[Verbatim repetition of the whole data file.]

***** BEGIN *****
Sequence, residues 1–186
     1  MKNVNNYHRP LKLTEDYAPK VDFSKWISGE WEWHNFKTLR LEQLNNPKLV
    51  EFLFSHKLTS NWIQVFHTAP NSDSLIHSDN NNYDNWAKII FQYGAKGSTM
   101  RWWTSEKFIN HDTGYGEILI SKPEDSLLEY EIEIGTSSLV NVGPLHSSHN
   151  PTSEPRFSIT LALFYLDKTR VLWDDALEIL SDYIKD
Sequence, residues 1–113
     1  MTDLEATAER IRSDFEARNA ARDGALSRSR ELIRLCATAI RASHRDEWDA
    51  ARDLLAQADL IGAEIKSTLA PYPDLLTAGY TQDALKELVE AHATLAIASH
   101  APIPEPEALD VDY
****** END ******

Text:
Sequence, residues 1–186
     1  MKNVNNYHRP LKLTEDYAPK VDFSKWISGE WEWHNFKTLR LEQLNNPKLV
    51  EFLFSHKLTS NWIQVFHTAP NSDSLIHSDN NNYDNWAKII FQYGAKGSTM
   101  RWWTSEKFIN HDTGYGEILI SKPEDSLLEY EIEIGTSSLV NVGPLHSSHN
   151  PTSEPRFSIT LALFYLDKTR VLWDDALEIL SDYIKD
Sequence, residues 1–113
     1  MTDLEATAER IRSDFEARNA ARDGALSRSR ELIRLCATAI RASHRDEWDA
    51  ARDLLAQADL IGAEIKSTLA PYPDLLTAGY TQDALKELVE AHATLAIASH
   101  APIPEPEALD VDY